Who or what has inspired you to be an instructor in the IMC Program?

Chad Mezera inspired me to join the program and deliver my best work. Does that count as sucking up? Well, anyway, what struck me about my first association with Chad was the businesslike manner in which he runs this program. As a lifelong practitioner, not an academic, I was impressed by Chad’s seriousness about the business model of the program, including the #1 priority – deliver quality instruction to high-caliber students.

What elements do you feel make an exceptional IMC instructor?

What makes an exceptional IMC instructor is genuine engagement with students who are bringing diverse perspectives from all walks of life. I admire our admissions standards in this program because we’re blessed with students ranging from big corporations to small town nonprofits. That gives IMC instructors the opportunity to act as symphony conductors in facilitating group interactions.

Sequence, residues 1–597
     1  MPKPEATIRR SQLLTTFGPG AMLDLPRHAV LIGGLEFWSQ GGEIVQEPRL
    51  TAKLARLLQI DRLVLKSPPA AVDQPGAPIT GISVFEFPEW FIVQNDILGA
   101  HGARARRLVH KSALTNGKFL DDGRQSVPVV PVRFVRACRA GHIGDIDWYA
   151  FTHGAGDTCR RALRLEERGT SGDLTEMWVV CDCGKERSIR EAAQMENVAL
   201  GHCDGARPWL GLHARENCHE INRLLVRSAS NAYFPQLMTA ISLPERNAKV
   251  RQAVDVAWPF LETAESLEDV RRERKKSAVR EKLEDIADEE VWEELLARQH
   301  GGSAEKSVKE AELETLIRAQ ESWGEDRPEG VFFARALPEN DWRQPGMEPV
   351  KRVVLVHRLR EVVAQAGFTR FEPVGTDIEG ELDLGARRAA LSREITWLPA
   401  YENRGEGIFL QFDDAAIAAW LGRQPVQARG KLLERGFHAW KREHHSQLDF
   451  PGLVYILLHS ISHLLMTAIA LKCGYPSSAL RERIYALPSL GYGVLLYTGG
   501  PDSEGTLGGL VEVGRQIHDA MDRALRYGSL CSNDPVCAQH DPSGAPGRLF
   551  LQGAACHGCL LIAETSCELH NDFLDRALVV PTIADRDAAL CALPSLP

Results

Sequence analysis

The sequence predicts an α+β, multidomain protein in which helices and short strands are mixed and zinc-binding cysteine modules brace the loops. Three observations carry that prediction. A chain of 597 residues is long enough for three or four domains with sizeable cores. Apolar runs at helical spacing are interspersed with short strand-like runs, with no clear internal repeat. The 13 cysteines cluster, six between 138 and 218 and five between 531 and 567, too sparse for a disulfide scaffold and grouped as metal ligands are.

What advice has had the biggest impact on your success?

I learned something the first time I stepped into a classroom full of college seniors and grads years ago. At that time, I thought my business reputation in the community was worth something. Wrong! The body language alone told me “We are tuition payers … give us something we can use.” So I’d say that a big impact for me has been to recognize that we can learn, sharpen, and grow right along with the students. Every class I teach arms me with tools and knowledge that carry forward to other students.